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Are ‘smart bulbs’ the next bright idea in energy efficiency?

The following post was written by with the Midwest Energy News. The original post can be found here.

Zach Supalla had the proverbial light-bulb moment last December while flicking on lamps in a hotel room.

Instead of walking to every corner of the room, wouldn’t it be easier if there was an app for this?

The former McKinsey & Co. analyst went home and founded Spark, a connected lighting company that’s getting ready to release its first product, a socket that connects to a home wireless network and lets people switch light bulbs on and off from their phone or computer.

The Spark Socket is among a wave of new “smart bulb” products that are about to hit the market. The devices promise to give customers better control over their lighting, as well as more information about their electricity use.

But are they more than cool gadgets? Could they help people save energy and money, as some claim they will?

From start-ups like Spark to tech giants Apple and Google, several companies are betting there’s going to be a market for a better light switch, and some are proving that demand already exists.

In September, a San Francisco inventor raised $1.3 million in a Kickstarter campaign for LIFX, a Wi-Fi-enabled LED light bulb that’s controlled from a smartphone app. More than 9,000 people pledged a minimum of $69 for one of the bulbs.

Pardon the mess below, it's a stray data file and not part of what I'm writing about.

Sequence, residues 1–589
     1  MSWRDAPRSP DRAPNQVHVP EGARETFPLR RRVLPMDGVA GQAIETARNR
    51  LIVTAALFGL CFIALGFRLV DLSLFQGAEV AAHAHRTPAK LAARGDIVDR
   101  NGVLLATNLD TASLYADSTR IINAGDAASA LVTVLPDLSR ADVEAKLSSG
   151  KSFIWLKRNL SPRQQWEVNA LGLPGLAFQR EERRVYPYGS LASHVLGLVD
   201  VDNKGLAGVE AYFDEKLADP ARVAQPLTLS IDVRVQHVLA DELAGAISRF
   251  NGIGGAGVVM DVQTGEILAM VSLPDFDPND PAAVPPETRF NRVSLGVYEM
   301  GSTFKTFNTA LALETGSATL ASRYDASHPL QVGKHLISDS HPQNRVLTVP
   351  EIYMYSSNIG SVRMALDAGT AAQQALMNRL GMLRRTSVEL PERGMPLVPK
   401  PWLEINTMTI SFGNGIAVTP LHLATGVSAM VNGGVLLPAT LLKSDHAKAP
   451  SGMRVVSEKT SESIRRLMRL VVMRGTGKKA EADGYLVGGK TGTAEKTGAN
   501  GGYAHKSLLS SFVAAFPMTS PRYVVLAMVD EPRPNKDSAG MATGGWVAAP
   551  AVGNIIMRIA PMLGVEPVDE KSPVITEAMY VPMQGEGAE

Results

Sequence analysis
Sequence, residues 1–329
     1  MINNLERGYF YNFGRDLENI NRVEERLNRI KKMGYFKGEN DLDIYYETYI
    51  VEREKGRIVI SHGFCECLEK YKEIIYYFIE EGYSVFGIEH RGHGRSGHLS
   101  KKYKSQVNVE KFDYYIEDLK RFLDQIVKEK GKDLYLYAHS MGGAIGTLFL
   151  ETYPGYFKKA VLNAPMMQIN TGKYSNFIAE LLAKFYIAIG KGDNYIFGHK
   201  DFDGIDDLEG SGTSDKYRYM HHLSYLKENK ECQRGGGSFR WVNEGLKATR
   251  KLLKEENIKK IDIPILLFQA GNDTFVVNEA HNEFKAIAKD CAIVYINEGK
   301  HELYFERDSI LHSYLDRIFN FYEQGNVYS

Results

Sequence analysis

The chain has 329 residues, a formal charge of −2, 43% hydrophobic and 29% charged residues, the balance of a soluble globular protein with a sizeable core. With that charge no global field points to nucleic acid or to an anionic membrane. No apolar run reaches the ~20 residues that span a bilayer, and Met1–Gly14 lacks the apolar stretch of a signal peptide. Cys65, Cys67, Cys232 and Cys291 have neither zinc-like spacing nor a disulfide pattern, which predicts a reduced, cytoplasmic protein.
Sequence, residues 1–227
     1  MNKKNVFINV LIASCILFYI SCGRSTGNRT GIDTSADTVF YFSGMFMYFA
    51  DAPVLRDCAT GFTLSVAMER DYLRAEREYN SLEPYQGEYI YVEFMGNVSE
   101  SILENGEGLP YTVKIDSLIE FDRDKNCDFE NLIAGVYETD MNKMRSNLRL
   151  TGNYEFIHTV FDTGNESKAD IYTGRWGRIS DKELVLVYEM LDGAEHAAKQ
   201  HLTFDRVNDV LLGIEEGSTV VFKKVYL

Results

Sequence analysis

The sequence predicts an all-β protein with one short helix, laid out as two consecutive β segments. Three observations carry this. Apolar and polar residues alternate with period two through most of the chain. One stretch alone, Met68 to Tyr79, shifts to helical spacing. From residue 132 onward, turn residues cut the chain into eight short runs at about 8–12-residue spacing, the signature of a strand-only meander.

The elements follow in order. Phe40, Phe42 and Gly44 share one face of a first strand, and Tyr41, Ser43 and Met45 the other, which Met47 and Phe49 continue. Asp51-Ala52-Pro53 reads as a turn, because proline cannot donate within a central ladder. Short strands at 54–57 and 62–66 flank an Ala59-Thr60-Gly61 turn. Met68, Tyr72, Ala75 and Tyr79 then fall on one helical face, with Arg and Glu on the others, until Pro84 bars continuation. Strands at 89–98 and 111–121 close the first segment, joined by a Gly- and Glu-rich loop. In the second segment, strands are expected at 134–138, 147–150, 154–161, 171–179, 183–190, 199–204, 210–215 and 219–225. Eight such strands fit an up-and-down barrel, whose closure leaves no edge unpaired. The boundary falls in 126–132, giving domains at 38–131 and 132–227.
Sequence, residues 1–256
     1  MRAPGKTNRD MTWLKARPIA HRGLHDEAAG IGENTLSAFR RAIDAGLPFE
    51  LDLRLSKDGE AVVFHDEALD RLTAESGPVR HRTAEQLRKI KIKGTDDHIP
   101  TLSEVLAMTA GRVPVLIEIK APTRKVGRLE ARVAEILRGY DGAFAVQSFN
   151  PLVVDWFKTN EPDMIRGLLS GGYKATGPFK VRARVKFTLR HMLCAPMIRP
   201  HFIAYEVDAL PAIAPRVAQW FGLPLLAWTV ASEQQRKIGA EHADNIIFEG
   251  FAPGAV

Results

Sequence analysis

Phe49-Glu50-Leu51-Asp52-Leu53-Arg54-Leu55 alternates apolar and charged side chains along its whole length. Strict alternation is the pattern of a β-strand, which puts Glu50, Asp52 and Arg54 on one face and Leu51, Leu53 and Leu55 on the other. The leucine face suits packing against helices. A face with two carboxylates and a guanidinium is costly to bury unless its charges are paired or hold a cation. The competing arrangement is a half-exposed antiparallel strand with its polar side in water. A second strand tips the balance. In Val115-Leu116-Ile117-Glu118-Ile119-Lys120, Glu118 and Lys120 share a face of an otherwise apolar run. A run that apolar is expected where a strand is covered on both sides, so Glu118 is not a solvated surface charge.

Apple stores this month started selling an app-controlled LED lighting kit from Philips called Hue, which costs $200 and comes with three bulbs. (Additional bulbs cost $60.) An iPhone or iPad app lets users adjust the hue and brightness.

Google also announced last year that it was collaborating with San Francisco Florida-based Lighting Science Group on an Android-app-controlled LED bulb, and another company, GreenWave Reality, says it’s working on a $20 smart bulb.

‘More than illumination’

Spark, which is based in Minneapolis, is unique in that its product works with any dimmable bulb. The device screws into any socket, similar to a power outlet adapter, and a bulb then screws into the Spark Socket, which will connect to an app via a built-in Wi-Fi module.

Supalla hopes customers will help come up with other uses for the device. The company plans to use open software that will allow any developer to write programs for it. Some of those uses, he hopes, will involve energy conservation.

Another inspiration for the product was his father, who is deaf and uses a flashing light as a doorbell. He hopes the Spark Socket might facilitate more creative uses for light among the deaf community, such as flashing when an urgent text or email arrives.

He’s built a three prototypes, including two that work and one that shows how the finished product will look. The company plans to launch a Kickstarter campaign next month, with a $50 pledge earning backers one Socket once they’re manufactured.

‘We’ve got some ideas’